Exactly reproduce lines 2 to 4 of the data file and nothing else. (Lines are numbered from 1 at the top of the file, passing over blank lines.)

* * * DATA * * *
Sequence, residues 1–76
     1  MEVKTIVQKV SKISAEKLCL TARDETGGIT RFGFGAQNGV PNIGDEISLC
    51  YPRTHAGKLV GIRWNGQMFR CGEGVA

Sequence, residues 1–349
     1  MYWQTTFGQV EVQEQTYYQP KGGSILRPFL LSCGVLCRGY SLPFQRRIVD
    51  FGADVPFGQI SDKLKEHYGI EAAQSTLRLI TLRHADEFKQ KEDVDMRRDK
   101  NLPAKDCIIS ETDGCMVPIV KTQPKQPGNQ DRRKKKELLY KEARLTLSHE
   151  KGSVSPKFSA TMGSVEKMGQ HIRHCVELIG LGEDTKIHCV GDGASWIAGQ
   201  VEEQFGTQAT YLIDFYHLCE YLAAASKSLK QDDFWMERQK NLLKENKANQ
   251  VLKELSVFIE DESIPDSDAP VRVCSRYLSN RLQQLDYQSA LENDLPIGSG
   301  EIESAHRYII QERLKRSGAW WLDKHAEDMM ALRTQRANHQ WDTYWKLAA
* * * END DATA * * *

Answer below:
     1  MEVKTIVQKV SKISAEKLCL TARDETGGIT RFGFGAQNGV PNIGDEISLC
    51  YPRTHAGKLV GIRWNGQMFR CGEGVA

Sequence, residues 1–349